The lawmaker who’s expected to become Delaware’s next House Speaker says a marriage equality bill is likely to come before the General Assembly in 2013—and says he’ll vote for it. Pete Schwartzkopf, a Democrat from Rehoboth Beach, whose district includes a large gay population, said Tuesday that legalizing gay marriage is a “no-brainer,” especially considering his district’s demographics, and “the right thing to do.”

Gov. Jack Markell made a similar prediction recently, but downplayed his own role in the process: “I think it’s always important to have gubernatorial leadership, but… the real hero of getting civil unions done was not me. [It was] a couple of people who led a group called Equality Delaware.”
With neighboring Maryland now a marriage-equality state and last week’s election seeing key state Senate spots won by solidly pro-equality lawmakers, things look good. And activists in the state are ready for action: “Delaware Right to Marry has mobilized more than ten thousand supporters of marriage equality across the spectrum: gay, straight, male, female, White, African-American, Latino, and beyond,” says director Bill Humphrey. “It’s the biggest citizen campaign in the state since 1933.”


Rhode Island

Last Tuesday’s election results put more marriage-equality supporters in the Rhode Island General Assembly, emboldening House Speaker Gordon Fox to announce plans to call a vote on gay marriage when lawmakers return in January. ‘‘This election shows there’s been a real change on this issue,’’ Fox, who is openly gay, told The AP. ‘‘I’m hopeful. There’s definitely a trend here. There’s a wave and we should ride it.’’

Keeping up with the Joneses might help, too: Rhode Island is last state in New England that doesn’t allow gay couples to tie the knot. (Who wants to be behind New Hampshire?)

And it’s not much of a stretch, since out-of-town same-sex marriages are already recognized, thanks to an executive order by Gov. Lincoln Chafee.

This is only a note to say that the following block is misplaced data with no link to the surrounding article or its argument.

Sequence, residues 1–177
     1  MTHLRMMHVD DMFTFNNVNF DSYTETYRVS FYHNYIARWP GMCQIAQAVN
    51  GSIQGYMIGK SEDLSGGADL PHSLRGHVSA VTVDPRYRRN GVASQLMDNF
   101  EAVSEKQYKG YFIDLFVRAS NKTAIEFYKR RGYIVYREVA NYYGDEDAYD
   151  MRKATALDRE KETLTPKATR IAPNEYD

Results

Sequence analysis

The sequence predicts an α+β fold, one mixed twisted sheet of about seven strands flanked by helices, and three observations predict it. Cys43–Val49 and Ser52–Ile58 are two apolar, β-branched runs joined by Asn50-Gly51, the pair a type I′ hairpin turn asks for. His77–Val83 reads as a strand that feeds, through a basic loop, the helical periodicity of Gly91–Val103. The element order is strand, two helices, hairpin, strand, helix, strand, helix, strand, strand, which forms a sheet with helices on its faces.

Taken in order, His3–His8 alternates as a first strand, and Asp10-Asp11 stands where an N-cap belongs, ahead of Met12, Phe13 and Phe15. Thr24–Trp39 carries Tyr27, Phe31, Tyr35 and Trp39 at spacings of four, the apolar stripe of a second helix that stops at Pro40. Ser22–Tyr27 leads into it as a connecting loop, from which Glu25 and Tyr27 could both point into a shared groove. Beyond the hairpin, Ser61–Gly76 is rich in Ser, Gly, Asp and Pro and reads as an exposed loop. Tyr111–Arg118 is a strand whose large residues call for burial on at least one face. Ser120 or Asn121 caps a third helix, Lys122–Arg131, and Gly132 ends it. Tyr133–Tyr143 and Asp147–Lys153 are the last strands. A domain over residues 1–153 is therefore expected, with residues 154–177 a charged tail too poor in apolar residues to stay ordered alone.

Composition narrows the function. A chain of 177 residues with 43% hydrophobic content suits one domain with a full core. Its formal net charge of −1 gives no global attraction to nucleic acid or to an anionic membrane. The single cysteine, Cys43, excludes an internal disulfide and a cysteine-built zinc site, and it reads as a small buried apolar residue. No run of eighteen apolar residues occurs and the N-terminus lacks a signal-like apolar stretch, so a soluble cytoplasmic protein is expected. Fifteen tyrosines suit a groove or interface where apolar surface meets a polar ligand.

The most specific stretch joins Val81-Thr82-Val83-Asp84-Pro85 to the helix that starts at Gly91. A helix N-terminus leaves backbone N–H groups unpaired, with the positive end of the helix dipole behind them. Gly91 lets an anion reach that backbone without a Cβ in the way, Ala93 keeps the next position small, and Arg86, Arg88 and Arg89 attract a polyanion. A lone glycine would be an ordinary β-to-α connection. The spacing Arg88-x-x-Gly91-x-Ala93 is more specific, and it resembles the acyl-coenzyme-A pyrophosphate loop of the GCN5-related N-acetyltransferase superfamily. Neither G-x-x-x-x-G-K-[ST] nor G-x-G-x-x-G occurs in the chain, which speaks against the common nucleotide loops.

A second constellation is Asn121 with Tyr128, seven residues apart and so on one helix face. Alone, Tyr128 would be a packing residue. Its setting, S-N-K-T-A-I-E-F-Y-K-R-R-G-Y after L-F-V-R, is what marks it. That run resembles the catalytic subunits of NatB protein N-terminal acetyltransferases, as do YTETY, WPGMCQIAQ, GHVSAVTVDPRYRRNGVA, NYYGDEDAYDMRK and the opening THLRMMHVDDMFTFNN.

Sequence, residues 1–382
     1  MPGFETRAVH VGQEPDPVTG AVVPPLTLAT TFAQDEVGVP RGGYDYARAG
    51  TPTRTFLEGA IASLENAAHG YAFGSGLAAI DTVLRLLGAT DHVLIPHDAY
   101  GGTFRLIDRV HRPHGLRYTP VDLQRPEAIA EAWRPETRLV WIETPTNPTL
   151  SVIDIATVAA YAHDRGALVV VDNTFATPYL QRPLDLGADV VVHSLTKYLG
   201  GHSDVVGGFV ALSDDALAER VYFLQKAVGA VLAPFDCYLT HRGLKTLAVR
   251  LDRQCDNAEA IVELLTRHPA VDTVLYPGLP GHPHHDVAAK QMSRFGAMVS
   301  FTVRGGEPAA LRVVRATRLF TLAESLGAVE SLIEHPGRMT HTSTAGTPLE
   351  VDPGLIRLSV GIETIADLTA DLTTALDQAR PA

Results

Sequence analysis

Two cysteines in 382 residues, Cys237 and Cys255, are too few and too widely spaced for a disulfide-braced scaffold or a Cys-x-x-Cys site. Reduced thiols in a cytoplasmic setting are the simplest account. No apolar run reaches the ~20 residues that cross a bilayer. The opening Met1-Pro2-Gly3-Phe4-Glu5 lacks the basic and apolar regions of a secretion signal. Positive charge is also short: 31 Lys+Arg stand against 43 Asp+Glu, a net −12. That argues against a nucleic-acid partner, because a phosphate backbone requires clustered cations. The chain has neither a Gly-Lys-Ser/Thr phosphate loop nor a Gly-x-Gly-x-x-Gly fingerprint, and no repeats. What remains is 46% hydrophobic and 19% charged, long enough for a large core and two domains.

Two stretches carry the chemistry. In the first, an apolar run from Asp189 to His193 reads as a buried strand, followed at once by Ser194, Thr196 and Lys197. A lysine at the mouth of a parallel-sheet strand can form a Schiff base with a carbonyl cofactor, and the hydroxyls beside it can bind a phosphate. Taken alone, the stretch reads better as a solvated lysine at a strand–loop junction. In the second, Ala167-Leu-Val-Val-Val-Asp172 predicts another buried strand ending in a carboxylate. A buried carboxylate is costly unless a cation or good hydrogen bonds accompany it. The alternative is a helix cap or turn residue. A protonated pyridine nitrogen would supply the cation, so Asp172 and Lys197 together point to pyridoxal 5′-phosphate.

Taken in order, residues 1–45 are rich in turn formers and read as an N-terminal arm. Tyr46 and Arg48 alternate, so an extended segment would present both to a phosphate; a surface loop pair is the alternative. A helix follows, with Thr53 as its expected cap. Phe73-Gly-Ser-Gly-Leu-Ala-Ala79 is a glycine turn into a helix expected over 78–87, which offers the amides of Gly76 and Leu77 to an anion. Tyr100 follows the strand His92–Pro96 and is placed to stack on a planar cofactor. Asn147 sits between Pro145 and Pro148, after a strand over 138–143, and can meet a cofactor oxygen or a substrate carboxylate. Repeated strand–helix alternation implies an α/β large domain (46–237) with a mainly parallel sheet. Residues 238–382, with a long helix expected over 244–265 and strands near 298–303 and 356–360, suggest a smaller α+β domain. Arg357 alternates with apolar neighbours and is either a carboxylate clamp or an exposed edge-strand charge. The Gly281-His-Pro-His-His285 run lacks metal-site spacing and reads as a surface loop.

Ray Sullivan, director of Marriage Equality Rhode Island, is looking to press the issue in the statehouse next year: ‘‘We are emboldened by the momentum of this election cycle and will steadfastly work to make 2013 the year that Governor Chafee finally signs marriage equality into law.”



The Prairie State already has equal-marriage legislation before the General Assembly and Rep. Greg Harris, who co-sponsored the bill in February with fellow out legislators Deb Mell and Kelly Cassidy, is hoping the recent wins in Maine, Minnesota, Maryland and Washington will help get the bill passed by the spring.

But based on a September poll, it’s not all that popular with the public: The Paul Simon Public Policy Institute found that 43.6% of Illinois voters support gay marriage. That’s up from 33.6% in 2010, but still less than half. On the bright side, only 20.2% of registered voters oppose giving any legal recognition to same-sex couples—a drop from two years ago, when it was 26.5%.

“The passage of these measures shows that mainstream America has turned a corner with regards to LGBT civil rights,” says Equal Marriage Illinois Project director Rick Garcia. “Although civil unions give many of the same benefits as marriage, it is clear that it is a different and discriminatory institution. Most people don’t even know what a civil union is. People know what marriage is, and same-gender couples deserve the same rights and responsibilities as opposite-gender couples. Separate is not equal.”